In Part 1 of this series, we began our examination of the problems within a Substance Abuse Evaluation that will cause a License Appeal to fail. We looked at how even simple, little things like a name and address must be done correctly. After all, if these small details aren't correct, what does that say about the really important stuff? We then went on to review how important it is to accurately list all of your DUI's, your BAC results (if you can), any other convictions you have, and your treatment and support group (AA) history. I also noted that most of my Clients DO NOT currently attend AA.
In Part 2, we focused on the important role of the alcohol assessment test, and how the result of that test helps "suggest" a diagnosis. We also saw that a very common problem is the DAAD's over-reliance on that test result in determining a proper diagnosis. From there, we looked at how issues with a urine screen can create the appearance of problems that aren't really there, and how a person's prior periods of abstinence can similarly give rise to the appearance of being a chronic "quitter" who just can't stay "quit."
In this final installment, we'll tackle the most important section of the Substance Abuse Evaluation, the prognosis. It only makes sense that the Evaluator's educated prediction about a person's ability to remain Sober is "the big cheese" of the whole Evaluation process. We will also see how the final section of the Evaluation, the Continuum of Care Recommendation, can upset the whole apple cart. While I'll go on to introduce this section as "last, but not least," it is precisely because this section is often given the least amount of consideration by an Evaluator that it can tank an otherwise good Evaluation.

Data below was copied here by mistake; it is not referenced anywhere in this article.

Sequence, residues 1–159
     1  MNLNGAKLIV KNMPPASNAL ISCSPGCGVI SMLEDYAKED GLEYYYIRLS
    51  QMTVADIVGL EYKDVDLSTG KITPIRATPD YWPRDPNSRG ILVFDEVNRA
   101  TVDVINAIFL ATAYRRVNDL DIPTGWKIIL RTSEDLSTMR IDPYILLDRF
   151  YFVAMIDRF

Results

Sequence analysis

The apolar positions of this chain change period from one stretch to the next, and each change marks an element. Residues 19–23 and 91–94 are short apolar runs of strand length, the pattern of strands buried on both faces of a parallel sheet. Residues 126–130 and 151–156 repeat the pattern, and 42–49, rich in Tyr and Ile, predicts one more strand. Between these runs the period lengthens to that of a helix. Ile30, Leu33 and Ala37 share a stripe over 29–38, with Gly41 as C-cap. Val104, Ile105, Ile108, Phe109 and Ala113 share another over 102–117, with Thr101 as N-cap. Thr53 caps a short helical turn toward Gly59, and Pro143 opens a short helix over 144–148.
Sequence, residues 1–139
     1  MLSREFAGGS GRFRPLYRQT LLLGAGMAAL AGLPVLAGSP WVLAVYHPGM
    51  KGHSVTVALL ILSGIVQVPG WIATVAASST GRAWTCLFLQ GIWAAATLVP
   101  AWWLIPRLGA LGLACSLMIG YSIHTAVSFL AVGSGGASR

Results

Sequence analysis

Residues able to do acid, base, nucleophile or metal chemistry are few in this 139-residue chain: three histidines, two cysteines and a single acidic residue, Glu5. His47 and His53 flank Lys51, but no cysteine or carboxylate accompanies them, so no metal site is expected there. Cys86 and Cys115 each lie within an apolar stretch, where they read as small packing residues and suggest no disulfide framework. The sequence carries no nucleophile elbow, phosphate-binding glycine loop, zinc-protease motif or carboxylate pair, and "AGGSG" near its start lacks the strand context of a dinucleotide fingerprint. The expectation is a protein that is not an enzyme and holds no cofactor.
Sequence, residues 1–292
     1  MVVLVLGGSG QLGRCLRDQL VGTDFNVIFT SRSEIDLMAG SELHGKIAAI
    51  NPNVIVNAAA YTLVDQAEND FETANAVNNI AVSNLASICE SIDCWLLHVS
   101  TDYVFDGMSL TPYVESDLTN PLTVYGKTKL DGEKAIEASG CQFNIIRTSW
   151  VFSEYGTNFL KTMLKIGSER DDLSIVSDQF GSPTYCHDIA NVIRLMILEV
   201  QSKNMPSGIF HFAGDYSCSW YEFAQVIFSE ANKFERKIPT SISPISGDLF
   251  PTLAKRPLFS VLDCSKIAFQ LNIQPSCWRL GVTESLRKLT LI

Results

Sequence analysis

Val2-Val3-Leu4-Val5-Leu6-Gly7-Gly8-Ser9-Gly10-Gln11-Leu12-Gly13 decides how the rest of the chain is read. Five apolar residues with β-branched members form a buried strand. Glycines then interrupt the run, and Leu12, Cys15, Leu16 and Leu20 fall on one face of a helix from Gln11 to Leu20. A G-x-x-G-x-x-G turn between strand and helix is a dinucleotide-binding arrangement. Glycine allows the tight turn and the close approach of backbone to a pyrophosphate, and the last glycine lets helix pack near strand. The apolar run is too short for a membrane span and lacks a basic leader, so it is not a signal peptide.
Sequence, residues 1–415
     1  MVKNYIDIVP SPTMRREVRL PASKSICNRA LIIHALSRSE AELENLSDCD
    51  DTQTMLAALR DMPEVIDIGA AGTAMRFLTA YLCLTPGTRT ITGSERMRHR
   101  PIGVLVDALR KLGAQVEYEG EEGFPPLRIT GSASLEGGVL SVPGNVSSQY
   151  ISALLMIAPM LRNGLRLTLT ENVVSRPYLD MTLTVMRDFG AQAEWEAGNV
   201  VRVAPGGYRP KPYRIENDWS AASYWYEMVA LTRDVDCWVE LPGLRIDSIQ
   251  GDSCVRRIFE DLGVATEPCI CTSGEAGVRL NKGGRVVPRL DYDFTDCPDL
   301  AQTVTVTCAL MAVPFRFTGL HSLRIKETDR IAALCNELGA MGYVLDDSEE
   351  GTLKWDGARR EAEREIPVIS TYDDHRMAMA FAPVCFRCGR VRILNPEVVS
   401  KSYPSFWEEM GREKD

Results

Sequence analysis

Everything we've covered thus far in both Parts 1 and 2 of this article eventually and inevitably leads to the ultimate goal of the Substance Abuse Evaluation - the Prognosis. At its simplest, this is the considered and professional opinion of the Evaluator about whether the person's alcohol problem is "likely to remain under control." This is really the answer to the $64,000 question, so to speak. If there is any "it all comes down to this" aspect of the License Appeal process, this is it.
Here again, what sounds easy at first gets rather complicated. Over the years, a number of Clinics and Evaluators made a quick, albeit short-lived fortune writing up glowing Evaluations that gave only the best prognoses for anyone willing to pay their Fee. The DAAD caught onto this with lightening speed. Those operations have come and gone like yesterday's news.
Even with those concerns part of ancient history, there are plenty of other "prognosis" issues that arise with enough regularity to be considered relatively common. By Law, a prognosis must at least be "good." That means that with a prognosis of "poor," "guarded" or "fair," a License Restoration Appeal MUST be denied. To put it another way, you cannot win a License Appeal with anything less than a "good" prognosis. Many of those who ultimately hire me have already tried a License Appeal before and lost. Part of what I need them to bring in, when we meet, is the paperwork from any prior Appeal(s). It's not that I want to show off (okay, maybe I do a little bit...), but often enough, I'll pick up their prior Evaluation first. Within a few seconds of beginning to read it, and without ever having looked at their Denial order, I can tell them why they lost. When I see an Evaluation, for example, with the "fair" box checked in the prognosis section, I can tell the person that such a prognosis figured prominently in the reason for their prior denial. This is always met with an agreeing shake of the head, and then a question about why their previous Evaluator or Lawyer didn't know this.